Tuesday, December 28, 2021

Aerodynamic Stall / Spin: Piper PA-32-260 Cherokee Six, N55455; fatal accident occurred January 25, 2020 near Cannon Creek Airpark (15FL), Lake City, Columbia County, Florida

Salena Short

Salena Gail Short
1959 - 2020

Aviation Accident Final Report - National Transportation Safety Board

The National Transportation Safety Board traveled to the scene of this accident.

Additional Participating Entities:
Federal Aviation Administration / Flight Standards District Office; Orlando, Florida
Lycoming; Williamsburg, Pennsylvania
Piper; Vero Beach, Florida

Investigation Docket - National Transportation Safety Board:

Location: Lake City, Florida
Accident Number: ERA20FA085
Date and Time: January 25, 2020, 09:30 Local
Registration: N55455
Aircraft: Piper PA32
Aircraft Damage: Destroyed
Defining Event: Aerodynamic stall/spin 
Injuries: 1 Fatal
Flight Conducted Under: Part 91: General aviation - Personal


A witness described that, when the pilot arrived at the airport several days before the accident, the airplane’s engine “cut out” while on final approach to the runway. After landing uneventfully, the pilot had a mechanic service the airplane, and the engine performed normally. On the day of the accident, as the airplane departed, the witness reported that he watched the airplane turn “hard left” after it cleared trees near the runway. He later heard a loud bang, then saw smoke. He drove over to the smoke and saw that the airplane was completely engulfed in flames. The airplane came to rest in the yard of a residence about 1,000 feet left of the runway’s midpoint.

Postaccident examination of the airplane was limited due to impact and postcrash fire damage; however, no defects consistent with a preimpact failure or malfunction of either the airframe or engine were observed. Additionally, a sound spectrum analysis of the audio from a video recording showed that the engine was likely running slightly below full throttle before the accident. Given this information, there was no evidence that a loss of engine power preceded the accident.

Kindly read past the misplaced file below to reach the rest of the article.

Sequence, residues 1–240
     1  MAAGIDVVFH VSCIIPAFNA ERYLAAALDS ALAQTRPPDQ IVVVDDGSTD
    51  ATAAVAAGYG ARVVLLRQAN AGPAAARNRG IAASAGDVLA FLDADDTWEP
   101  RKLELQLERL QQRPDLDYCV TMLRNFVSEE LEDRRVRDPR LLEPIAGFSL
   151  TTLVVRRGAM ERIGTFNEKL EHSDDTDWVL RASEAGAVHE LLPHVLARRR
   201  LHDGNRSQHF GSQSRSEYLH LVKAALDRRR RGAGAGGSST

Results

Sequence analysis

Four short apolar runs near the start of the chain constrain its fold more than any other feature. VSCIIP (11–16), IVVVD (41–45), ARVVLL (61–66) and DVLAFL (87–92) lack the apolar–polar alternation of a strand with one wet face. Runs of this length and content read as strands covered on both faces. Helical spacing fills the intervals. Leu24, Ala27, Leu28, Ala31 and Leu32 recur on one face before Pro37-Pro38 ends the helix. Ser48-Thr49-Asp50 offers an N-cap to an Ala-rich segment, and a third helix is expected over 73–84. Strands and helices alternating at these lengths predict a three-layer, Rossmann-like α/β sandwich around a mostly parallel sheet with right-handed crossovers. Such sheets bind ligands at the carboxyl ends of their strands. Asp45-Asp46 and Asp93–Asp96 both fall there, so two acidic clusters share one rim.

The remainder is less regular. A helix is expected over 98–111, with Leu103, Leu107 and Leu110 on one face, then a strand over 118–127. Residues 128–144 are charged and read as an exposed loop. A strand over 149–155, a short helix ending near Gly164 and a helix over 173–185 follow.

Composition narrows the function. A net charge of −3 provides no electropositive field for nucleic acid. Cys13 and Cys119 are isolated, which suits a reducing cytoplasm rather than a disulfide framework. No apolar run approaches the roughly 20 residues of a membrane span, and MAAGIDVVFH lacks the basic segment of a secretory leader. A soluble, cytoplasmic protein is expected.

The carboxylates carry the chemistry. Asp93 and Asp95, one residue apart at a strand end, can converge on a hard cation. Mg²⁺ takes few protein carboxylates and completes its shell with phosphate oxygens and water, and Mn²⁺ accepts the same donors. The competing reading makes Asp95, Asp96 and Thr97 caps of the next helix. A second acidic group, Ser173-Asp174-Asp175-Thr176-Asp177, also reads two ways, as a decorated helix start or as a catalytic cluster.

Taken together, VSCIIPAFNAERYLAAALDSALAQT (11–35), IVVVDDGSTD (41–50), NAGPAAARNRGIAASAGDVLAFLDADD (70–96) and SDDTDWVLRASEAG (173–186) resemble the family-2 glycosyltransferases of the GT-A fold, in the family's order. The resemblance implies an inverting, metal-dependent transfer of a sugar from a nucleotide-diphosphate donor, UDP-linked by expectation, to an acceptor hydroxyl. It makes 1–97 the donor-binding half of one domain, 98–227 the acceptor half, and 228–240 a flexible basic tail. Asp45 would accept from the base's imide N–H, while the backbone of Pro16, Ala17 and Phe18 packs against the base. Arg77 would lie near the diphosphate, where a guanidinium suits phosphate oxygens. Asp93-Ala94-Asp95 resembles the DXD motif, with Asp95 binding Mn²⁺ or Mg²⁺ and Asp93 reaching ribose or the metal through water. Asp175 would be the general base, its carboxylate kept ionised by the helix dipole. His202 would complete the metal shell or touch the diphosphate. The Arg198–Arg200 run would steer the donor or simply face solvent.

The witness’s description that the airplane was in a “hard left” turn, the location of the accident site relatively close to the runway, the lack of a discernable horizontal wreckage path, and little fragmentation of the wreckage to suggest a high-energy impact, were consistent with the airplane impacting the ground in a near-vertical descent at a relatively low speed. Thus, it is likely that the pilot exceeded the airplane’s critical angle of attack during the steep, low-altitude turn shortly after takeoff, which resulted in an aerodynamic stall and loss of airplane control at an altitude too low for recovery.

Probable Cause and Findings

The National Transportation Safety Board determines the probable cause(s) of this accident to be:
The pilot's exceedance of the airplane's critical angle of attack, which resulted in an aerodynamic stall and subsequent loss of control at low altitude.


Personnel issues Aircraft control - Pilot
Aircraft Angle of attack - Not attained/maintained

Factual Information